While many of the church groups in public schools market themselves as “nondenominational,” evangelicals of a generally conservative type overwhelmingly dominate this new field. The leading groups are committed to the inerrancy of the Bible. Some, such as Morningstar, draw heavily on Dominionism—the idea that Christians should seek to dominate all aspects of secular politics and society until the return of Jesus Christ. Mark Driscoll, a controversial founder of Acts29 who left the organization after scandals involving allegations of plagiarism and psychological abuse, is known for his unapologetic commitment to male-centered authoritarianism. “We live in a completely pussified nation,” he has said.

The new interest of these groups in public schools reflects a significant shift in missionary strategy. It is now accepted wisdom that the most fruitful targets of their efforts are young children, who are thought to be more susceptible to conversion. The focus on schools stems in part from the realization that students, especially in the younger grades, invest a lot of authority in their school, and typically can’t distinguish between what is taught in the school and what is taught by the school.

The legal theory that these groups promote, which makes possible the rise of church-school partnerships, hinges on several key arguments. The first seeks to collapse claims about the freedom of religious exercise into claims about the freedom of speech. The second argument makes a strict distinction between private speech and publicly sponsored or official speech. The third drastically minimizes the weight of peer pressure or social coercion. And the fourth conceives a lack of religion as just another religious view among many, and therefore not to be favored over other religions.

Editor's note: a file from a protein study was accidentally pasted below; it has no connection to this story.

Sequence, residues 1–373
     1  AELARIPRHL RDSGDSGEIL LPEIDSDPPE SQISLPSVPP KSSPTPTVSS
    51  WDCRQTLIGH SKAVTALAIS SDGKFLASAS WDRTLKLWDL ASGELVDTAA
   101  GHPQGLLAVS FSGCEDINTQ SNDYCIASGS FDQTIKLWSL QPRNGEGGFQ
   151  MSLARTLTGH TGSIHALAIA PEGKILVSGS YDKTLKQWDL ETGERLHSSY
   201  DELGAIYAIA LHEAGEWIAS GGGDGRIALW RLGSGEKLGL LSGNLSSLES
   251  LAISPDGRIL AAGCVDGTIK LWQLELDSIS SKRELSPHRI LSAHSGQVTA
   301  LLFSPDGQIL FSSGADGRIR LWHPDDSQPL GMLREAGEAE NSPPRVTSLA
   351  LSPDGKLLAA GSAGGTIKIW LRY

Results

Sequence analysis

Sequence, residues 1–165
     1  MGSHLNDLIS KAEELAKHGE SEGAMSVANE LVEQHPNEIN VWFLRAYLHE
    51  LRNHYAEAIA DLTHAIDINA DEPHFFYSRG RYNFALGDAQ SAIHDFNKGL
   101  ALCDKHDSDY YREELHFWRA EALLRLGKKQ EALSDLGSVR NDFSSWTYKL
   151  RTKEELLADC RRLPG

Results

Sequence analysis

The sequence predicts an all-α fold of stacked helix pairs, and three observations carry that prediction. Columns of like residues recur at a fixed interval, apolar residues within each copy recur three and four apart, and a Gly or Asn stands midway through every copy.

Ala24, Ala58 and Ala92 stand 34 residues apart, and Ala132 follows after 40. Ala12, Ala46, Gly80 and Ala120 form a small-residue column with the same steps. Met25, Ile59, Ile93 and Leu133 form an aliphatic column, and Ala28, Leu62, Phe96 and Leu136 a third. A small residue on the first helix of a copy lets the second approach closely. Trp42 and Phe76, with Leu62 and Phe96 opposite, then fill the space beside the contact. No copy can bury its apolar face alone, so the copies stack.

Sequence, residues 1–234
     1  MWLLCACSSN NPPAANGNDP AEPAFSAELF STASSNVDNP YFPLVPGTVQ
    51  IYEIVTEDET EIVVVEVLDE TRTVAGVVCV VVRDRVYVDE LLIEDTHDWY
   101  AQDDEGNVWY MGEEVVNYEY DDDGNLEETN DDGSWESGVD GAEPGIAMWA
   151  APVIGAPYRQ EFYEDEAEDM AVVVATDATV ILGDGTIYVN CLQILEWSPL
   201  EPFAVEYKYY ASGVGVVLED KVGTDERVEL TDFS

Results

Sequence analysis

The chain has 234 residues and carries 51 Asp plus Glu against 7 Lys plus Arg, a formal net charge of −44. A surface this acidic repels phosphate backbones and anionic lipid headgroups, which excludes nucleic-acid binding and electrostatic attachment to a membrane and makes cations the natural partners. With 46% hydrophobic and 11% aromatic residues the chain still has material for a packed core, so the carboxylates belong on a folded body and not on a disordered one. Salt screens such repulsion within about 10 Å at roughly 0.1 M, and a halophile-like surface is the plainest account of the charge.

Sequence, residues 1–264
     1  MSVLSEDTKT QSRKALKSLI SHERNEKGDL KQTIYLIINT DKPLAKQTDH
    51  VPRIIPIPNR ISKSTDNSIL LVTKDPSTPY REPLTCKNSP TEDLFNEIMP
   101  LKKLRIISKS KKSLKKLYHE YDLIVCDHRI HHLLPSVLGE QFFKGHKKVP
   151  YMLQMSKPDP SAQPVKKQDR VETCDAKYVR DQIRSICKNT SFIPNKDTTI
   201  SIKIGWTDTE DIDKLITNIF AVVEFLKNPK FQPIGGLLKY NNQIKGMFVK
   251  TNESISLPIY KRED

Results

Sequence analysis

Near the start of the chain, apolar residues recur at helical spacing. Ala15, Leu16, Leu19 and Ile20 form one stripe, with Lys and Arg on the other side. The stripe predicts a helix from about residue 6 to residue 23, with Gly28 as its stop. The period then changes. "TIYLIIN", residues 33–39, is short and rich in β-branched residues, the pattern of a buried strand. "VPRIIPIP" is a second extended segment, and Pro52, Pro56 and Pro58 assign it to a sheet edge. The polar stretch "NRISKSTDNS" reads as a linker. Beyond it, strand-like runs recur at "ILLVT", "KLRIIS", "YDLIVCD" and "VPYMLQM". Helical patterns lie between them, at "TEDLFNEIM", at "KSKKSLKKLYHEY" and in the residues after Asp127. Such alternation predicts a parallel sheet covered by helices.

When you put these premises together, you end up with the conclusion that including religious groups in school does not involve an establishment of religion in any meaningful sense, whereas excluding them does involve the violation of their free-speech rights and thus represents discrimination against religion. Justice Clarence Thomas ably sums up this line of argument in a key 2001 Supreme Court decision, Good News Club v. Milford Central School. On the one hand, he dismisses the idea that kindergartners might falsely perceive the private speech of religious groups operating in the school as coming from the school; on the other, he asserts that banning these religious groups from school might be perceived by the community at large as discrimination against religion in favor of secularism.

No comments: